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Report on Ulawun (Papua New Guinea) — October 1991

Bulletin of the Global Volcanism Network, vol. 16, no. 10 (October 1991)
Managing Editor: Lindsay McClelland.

Ulawun (Papua New Guinea) Seismicity declines without eruption

Please cite this report as:

Global Volcanism Program, 1991. Report on Ulawun (Papua New Guinea). In: McClelland, L. (ed.), Bulletin of the Global Volcanism Network, 16:10. Smithsonian Institution. https://doi.org/10.5479/si.GVP.BGVN199110-252120.

Volcano Profile |  Complete Bulletin


Ulawun

Papua New Guinea

5.05°S, 151.33°E; summit elev. 2334 m

All times are local (unless otherwise noted)


"A buildup of seismicity observed toward the end of September continued through the first week of October, but the volcano remained in a non-erupting state, releasing vapour in small to moderate volumes. The increased seismicity consisted of periods of frequent discrete, low-frequency earthquakes. The maximum daily number of recorded events was ~350. Despite their increase in number, there was no marked increase in amplitude. This activity waned after a week and by the end of the month was at a low level, with earthquake counts of <30/day. High-frequency volcanic earthquakes were recorded occasionally throughout October."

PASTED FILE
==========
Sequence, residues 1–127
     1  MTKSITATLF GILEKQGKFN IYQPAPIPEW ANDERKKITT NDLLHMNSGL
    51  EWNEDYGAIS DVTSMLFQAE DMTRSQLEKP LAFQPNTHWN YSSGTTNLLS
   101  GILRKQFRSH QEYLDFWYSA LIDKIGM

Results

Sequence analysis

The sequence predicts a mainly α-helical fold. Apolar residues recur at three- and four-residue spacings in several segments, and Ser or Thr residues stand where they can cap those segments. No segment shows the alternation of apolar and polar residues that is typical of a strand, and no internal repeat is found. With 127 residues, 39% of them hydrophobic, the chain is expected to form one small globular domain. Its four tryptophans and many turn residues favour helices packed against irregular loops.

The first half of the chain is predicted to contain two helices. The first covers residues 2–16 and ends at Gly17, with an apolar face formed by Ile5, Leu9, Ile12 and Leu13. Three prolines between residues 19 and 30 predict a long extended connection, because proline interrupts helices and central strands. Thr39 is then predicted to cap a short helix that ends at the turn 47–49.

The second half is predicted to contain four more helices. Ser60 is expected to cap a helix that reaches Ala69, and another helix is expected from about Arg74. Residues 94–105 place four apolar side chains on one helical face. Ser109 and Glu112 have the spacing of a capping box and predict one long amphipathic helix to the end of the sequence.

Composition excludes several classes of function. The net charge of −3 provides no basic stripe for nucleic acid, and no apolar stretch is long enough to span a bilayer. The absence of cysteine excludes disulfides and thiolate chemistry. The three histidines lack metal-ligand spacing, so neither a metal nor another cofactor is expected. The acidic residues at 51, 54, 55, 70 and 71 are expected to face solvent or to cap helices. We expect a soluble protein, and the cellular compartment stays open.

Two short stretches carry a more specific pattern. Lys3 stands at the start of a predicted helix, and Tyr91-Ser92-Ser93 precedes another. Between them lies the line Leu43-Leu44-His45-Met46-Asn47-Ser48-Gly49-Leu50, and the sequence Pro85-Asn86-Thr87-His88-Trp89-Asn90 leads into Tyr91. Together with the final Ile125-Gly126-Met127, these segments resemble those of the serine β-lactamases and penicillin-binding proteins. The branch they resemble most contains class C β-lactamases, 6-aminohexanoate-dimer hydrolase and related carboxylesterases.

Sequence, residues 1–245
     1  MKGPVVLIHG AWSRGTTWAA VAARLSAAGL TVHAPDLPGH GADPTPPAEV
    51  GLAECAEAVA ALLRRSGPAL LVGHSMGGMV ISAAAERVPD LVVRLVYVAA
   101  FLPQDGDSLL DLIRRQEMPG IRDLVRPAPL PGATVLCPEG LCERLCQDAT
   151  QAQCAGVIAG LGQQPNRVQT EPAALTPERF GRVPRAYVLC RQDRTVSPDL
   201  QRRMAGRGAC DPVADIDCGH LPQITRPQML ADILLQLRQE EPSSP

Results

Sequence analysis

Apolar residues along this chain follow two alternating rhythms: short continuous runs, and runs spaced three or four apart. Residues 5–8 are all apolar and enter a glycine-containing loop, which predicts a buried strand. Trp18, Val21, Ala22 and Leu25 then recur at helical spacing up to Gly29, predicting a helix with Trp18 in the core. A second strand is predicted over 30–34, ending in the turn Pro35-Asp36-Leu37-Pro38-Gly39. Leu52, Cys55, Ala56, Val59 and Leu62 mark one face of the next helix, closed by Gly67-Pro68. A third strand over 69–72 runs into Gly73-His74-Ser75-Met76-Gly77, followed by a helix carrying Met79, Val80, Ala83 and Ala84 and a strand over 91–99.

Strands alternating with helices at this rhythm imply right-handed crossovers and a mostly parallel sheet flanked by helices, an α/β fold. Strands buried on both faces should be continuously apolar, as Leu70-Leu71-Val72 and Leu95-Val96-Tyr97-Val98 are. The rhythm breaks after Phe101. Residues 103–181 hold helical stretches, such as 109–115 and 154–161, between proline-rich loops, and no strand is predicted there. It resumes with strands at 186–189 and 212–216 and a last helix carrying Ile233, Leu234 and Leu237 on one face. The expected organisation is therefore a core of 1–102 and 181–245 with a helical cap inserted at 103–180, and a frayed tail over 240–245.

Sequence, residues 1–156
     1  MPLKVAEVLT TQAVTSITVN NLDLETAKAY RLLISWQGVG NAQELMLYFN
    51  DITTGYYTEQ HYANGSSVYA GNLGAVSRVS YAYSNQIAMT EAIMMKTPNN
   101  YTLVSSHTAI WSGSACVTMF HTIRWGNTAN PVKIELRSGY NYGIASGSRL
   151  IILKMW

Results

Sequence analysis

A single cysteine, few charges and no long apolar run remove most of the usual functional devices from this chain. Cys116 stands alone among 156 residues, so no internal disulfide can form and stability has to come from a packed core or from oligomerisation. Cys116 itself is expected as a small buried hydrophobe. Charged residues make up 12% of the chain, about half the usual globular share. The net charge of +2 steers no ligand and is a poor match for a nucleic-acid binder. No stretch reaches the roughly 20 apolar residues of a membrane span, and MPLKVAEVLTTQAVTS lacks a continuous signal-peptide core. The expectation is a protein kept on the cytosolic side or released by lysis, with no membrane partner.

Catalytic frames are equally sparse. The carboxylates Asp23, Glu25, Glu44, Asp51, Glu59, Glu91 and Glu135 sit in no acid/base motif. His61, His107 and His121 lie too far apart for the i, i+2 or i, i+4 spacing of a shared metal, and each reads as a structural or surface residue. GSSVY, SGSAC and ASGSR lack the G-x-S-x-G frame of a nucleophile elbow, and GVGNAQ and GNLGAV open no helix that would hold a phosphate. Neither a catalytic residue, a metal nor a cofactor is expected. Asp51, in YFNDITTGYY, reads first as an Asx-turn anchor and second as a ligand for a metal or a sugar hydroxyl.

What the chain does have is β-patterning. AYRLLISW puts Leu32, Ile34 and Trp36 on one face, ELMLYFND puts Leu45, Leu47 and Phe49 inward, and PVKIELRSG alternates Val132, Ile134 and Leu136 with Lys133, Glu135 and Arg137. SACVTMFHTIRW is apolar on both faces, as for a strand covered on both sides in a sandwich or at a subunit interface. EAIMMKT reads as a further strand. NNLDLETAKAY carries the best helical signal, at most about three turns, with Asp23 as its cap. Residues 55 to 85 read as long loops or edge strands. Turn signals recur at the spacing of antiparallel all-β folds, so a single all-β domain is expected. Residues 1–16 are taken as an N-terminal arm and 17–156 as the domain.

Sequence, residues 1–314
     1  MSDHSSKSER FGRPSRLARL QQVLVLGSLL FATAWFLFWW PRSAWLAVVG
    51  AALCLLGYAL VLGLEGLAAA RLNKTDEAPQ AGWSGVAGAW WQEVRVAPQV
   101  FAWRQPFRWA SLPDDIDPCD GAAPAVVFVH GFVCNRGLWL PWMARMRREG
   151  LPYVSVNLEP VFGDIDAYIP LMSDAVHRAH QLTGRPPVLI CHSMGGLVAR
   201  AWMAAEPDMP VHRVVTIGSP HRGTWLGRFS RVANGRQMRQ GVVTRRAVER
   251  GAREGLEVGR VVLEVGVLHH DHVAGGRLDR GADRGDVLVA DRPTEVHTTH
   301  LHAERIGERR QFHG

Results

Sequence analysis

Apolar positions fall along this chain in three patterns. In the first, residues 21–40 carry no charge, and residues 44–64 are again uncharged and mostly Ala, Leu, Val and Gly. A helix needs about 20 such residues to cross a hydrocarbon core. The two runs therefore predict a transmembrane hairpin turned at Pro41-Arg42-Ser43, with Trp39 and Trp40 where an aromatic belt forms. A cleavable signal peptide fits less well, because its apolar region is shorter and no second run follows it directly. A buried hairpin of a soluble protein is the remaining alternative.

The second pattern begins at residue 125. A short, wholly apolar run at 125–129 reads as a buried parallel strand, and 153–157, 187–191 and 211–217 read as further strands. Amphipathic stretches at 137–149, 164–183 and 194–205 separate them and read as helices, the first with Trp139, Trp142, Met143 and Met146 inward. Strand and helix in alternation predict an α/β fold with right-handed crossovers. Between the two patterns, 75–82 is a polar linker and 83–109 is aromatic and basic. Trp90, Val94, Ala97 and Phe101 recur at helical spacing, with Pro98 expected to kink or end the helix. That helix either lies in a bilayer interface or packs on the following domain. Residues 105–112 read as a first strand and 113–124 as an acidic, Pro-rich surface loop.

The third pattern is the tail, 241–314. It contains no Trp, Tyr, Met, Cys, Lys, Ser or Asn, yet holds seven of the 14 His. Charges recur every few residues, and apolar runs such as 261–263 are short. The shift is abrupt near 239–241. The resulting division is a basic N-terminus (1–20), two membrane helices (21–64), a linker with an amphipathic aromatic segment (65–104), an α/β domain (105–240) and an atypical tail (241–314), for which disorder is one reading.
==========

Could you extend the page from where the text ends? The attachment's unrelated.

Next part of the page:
Geologic Background. The symmetrical basaltic-to-andesitic Ulawun stratovolcano is the highest volcano of the Bismarck arc, and one of Papua New Guinea's most frequently active. The volcano, also known as the Father, rises above the N coast of the island of New Britain across a low saddle NE of Bamus volcano, the South Son. The upper 1,000 m is unvegetated. A prominent E-W escarpment on the south may be the result of large-scale slumping. Satellitic cones occupy the NW and E flanks. A steep-walled valley cuts the NW side, and a flank lava-flow complex lies to the south of this valley. Historical eruptions date back to the beginning of the 18th century. Twentieth-century eruptions were mildly explosive until 1967, but after 1970 several larger eruptions produced lava flows and basaltic pyroclastic flows, greatly modifying the summit crater.

Information Contacts: P. de Saint-Ours and C. McKee, RVO.